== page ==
pulakesh mukhopadhyay

The air was so thick and heavy with legalese, given officialdom’s internal strife, with torrents of counter-points coming hot on the heels of fusillades of points, that few people might actually have noticed a major telecom behemoth’s recent ditching of cricket.
It simply said it wouldn’t sponsor the India-West Indies Test series. And stood pat.
Days later, we came to know it was embracing football, lending its name to the I-League. Yours truly needed to speak to someone with a foot in either camp but the Maidan man – a big club-insider and a fringe figure in an Indian Premier League franchise – erupted like a volcano, describing one’s easily imaginable query, in IPL-class phraseology, too trivial for him to waste his time on. "Anything but" was the conclusion one arrived immediately at, and inquiries elsewhere in the country turned out to be most instructive.
Cricket, it was said by people in the know of things, was at long last putting its long-time benefactors off it by being muck-smeared, all over. So much has happened over such a length of time not everyone is tickled pink. 
The stalwarts feuded, accusing each other of horrible perfidies, and the filth stuck to the institution, furthering eroding its credibility. Equally vulnerable was the game. 
But you don’t blurt these things out; you say it with your chequebook. Official statements, in fact, might only serve to reinforce the long-held belief that the gift of speech is given to man to hide his thoughts.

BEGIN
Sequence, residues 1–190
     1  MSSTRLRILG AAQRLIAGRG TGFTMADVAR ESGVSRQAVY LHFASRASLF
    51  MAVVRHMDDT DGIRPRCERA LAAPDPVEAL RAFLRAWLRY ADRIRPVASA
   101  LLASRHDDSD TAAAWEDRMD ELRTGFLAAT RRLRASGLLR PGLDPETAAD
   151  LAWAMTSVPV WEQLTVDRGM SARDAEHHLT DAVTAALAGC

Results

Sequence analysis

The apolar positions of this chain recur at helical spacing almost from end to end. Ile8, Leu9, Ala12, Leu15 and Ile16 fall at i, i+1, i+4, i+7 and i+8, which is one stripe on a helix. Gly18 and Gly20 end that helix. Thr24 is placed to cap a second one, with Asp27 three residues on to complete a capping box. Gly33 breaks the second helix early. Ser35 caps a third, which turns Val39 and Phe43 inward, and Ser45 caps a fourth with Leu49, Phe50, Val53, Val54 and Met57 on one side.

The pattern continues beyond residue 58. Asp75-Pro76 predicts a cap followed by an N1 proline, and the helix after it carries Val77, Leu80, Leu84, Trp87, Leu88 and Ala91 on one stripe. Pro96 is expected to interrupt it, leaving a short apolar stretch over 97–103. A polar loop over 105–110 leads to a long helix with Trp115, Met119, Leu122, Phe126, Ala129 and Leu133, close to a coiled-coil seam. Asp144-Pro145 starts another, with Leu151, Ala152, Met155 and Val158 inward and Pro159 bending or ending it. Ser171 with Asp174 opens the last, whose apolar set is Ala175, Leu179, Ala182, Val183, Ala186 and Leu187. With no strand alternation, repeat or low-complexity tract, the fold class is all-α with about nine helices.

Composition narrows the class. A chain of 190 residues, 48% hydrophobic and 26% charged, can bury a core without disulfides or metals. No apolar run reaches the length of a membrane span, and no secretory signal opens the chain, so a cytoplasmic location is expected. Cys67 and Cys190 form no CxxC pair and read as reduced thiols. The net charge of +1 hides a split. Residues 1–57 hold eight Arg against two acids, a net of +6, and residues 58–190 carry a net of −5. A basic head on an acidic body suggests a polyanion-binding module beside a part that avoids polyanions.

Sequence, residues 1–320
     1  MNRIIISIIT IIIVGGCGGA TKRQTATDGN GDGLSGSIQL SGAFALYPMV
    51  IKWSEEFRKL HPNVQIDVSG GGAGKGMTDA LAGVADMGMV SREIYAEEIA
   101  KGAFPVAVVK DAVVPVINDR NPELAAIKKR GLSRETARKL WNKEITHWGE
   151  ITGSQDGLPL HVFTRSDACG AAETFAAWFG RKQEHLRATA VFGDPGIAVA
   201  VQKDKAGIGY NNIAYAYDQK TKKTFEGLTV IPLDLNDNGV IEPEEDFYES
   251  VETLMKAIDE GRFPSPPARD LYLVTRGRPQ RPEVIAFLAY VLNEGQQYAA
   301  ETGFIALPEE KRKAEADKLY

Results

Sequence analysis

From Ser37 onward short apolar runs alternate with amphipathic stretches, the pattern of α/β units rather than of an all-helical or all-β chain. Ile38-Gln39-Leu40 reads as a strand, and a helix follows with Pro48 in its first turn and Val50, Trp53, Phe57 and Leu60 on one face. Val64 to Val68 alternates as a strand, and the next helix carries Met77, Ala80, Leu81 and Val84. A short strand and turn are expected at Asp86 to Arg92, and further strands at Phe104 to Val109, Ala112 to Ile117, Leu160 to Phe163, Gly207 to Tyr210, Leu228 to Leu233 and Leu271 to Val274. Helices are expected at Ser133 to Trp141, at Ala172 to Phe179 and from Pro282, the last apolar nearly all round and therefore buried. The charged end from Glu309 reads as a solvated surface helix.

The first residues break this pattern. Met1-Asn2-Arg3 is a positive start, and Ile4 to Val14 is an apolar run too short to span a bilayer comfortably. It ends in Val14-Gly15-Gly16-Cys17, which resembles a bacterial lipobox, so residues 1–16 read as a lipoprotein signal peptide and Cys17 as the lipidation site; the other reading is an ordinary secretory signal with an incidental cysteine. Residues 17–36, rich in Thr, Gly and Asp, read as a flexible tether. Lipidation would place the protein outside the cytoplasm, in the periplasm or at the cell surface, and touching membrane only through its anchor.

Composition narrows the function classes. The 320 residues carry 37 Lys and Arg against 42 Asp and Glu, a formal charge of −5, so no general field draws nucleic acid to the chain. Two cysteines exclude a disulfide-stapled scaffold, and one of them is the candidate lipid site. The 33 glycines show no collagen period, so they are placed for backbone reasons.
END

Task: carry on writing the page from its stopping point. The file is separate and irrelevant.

So, are cricket’s days of commercial navel-gazing over? "No," is the answer, from industry-watchers, "Not yet. But it isn’t really a bit of all right when money-givers back away. And additionally, there are problems today it mightn’t have budgeted for when its business grew and grew, making India the game’s El Dorado.
Cricket isn’t about touching someone for a fiver. It wrings astronomical, often irrational  sums of money by our standards.  And, having thus been set back, a sponsor finds himself sharing the market’s attention with so many others, with victory podium backgrounds squeezing all of them in.
Exclusivity remains elusive as competing brands gather around shows packaging the same bat-and-ball game. Domestic football apart, would-be sponsors’ options are now widened by badminton, hockey and several other disciplines.
What helps cricket is that we win in it very often, especially at home.
But a Saina Nehwal or a medal-winning wrestler or Grand Slam doubles-winning tennis players arouse national aspirations in the same way."
And it will, of course, help if victories and achievements aren’t said from time to time to be make-believe.